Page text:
LACSA and the birth of Cayman Airways


Cayman Airways and the Costa Rica link


Owen Roberts... also known asa "Bobby" and "The Commander."

A pioneer of Caymanian aviation was Owen "Bobby" Roberts, a former RAF Wing Commander who bought out Parker's operation. He called his airline Caribbean International Airlines, but his focus was on the Cayman Islands. By 1950, Roberts had established a fairly regular service between Cayman and Tampa, Kingston, and Belize. The air service changed the lives of Caymanians in many ways.

Cayman Brac Airways DC-3

Roberts knew that the needs of the civil aviation industry would change rapidly. He lobbied Commissioners Ivor Smith and Andrew Gerrard to seek help from England to build airfields in the Cayman Islands. In 1952, construction was started on the largest project Grand Cayman had ever seen: an airstrip, with an estimated cost of £93,000. On 28 November, in front of a crowd of several hundred, the Santa Maria, one of the Catalinas owned by Owen Roberts's CIA, made a perfect landing on the partially completed runway.

The existence of an airstrip on Grand Cayman made the island more attractive to other airlines. Roberts bought two used Lockheed Lodestar airliners to keep ahead of the competition. However, a tragic accident put an end to his plans. On its inaugural flight from Kingston to Grand Cayman on 10 April 1953, one of the Lodestars crashed on takeoff from Palisadoes Airport. Owen Roberts, aged just 40, was killed, along with thirteen passengers and crew. Caribbean International Airways-and regular air service to the Cayman Islands-died with Owen Roberts.

Construction of the George Town airport was completed in August 1953. It was officially opened in March 1954 by Governor Sir Hugh Foot and named Owen Roberts Field.

A few years ealier, LACSA started stopping in Cayman Islands to refuel and be able to increase the capacity of it's cargo to Miami. This route was quite popular on it's northbound leg, but it's counterpart was not so. With that stop, the C-46 could carry 2000lbs more of useful cargo.

British West Indian Airways (BWIA) eventually began stopping at Grand Cayman on its weekly flights between Kingston and Belize, thus restoring regular, if infrequent, air service. LACSA in 1954 the company obtained rights for a weekly passenger flight to Cayman. By the end of that year, Caymanians were served by two flights a week to Kingston, two to Miami, one to Belize, and one to Costa Rica and Panama.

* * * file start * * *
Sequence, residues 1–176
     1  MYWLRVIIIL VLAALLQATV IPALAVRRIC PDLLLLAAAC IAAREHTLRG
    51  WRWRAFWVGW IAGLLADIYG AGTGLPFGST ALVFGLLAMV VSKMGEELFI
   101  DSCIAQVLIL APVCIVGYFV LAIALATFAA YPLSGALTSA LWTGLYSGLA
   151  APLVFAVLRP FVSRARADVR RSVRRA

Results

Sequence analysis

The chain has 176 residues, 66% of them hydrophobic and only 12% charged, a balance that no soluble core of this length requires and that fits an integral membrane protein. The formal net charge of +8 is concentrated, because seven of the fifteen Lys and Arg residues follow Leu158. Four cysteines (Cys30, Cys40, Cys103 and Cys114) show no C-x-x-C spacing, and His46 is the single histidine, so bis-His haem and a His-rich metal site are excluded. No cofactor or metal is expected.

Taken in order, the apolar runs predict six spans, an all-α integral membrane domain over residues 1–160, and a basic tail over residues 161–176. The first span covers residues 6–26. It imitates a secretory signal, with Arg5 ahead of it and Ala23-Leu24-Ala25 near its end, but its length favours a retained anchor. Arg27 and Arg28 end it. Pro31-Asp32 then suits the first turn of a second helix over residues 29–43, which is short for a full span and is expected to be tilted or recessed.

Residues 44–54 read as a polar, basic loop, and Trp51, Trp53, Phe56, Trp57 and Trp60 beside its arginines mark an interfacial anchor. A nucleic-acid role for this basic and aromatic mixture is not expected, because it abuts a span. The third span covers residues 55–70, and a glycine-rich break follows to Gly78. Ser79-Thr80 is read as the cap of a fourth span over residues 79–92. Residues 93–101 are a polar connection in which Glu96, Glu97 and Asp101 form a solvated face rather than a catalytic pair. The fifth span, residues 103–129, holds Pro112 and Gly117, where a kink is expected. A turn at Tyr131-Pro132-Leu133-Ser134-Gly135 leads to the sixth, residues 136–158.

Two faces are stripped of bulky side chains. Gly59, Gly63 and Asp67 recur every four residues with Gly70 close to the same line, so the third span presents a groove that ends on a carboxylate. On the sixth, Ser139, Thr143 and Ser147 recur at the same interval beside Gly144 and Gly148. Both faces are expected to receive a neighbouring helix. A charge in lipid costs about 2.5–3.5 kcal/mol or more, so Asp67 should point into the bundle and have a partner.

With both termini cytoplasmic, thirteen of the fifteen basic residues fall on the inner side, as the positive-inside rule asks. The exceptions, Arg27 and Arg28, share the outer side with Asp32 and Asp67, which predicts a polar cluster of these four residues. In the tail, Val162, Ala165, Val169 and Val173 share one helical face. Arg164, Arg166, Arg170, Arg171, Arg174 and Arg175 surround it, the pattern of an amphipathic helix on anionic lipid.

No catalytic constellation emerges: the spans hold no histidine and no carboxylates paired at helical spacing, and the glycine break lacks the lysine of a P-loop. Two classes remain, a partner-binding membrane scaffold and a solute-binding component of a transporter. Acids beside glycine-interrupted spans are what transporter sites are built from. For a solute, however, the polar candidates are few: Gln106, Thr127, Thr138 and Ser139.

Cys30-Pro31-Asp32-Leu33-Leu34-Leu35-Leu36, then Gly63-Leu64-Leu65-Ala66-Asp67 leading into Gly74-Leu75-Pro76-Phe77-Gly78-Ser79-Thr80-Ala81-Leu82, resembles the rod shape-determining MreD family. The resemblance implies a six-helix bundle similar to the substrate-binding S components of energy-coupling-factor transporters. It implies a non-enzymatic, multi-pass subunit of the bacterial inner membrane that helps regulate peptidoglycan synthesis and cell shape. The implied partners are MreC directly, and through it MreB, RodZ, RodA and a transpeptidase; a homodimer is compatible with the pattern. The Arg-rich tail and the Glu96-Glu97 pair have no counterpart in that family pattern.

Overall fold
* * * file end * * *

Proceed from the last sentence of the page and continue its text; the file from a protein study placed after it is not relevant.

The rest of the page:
LACSA's general manager, Roberth Smith, and other directors started thinking about the posibilities to stablish an airline within the 3 main islands: Grand Cayman, Little Cayman, and Cayman Brac.

The first jet aircraft to land in Cayman was LACSA's BAC 1-11; however, it came to service LACSA's DC-6s, which were both out of service here. Regular jet service to Grand Cayman was established by BWIA.

The airport on Cayman Brac began as a community initiative. In 1954, a group of volunteers hacked out a 1,200-foot airstrip at the west end of the island and then levelled it with a heavy roller borrowed from Jamaica.

As a result of entreaties by Commissioners Smith and Gerrard, England provided funds to extend and blacktop the strip. The runway was completed in 1955 and named the Gerrard-Smith Airport in honour of the two Commissioners who had encouraged its construction.

Mr. Richard Arch, one of the many aviation pioneers that was honoured during the 50 year aviation anniversary, accepts his award from Mr. Richard Smith, Director of Civil Aviation while Lady Katherine Townsend-Rose, Owen Roberts' Grand-daughter looks on. They are all standing in front of the PBY plane that was here for the celebrations.

Cayman Brac Airways was founded, as a wholly owned subsidiary of LACSA, in 1955 to link the Sister Islands with Grand Cayman. The services started with Beechcraft C-45's, and after a few months the Douglas DC-3s. In the seventies, these aircraft came back to Costa Rica for domestic service.

Most Cayman Islands air passengers at that time were seamen going to work on ships owned by National Bulk Carriers. LACSA transported many of them in DC-6s and C-46 cargo planes converted into passenger aircraft, which were so large they could carry an entire ship's crew.

In 1962 the people who built the Southern Cross Club on Little Cayman financed the construction of a small grass airfield on the island.It was built on private land with private funds, and it was named Edward Bodden Airport, after a Little Cayman foreman of works.

In February 1968, the Cayman Islands government and LACSA reorganised Cayman Brac Airways into Cayman Airways, with the government holding 51% of the shares and LACSA holding 49%. Being technically British-owned, Cayman Airways could apply for international routes. It was awarded the Cayman-Kingston route in December 1968.

In January 1970 Cayman Airways applied for the Cayman-Miami-Cayman route.This finally came to fruition in April 1972, when the airline landed a leased LACSA BAC 1-11 in Miami-its first flight to the United States. By that year, Cayman had a staff of 30 people.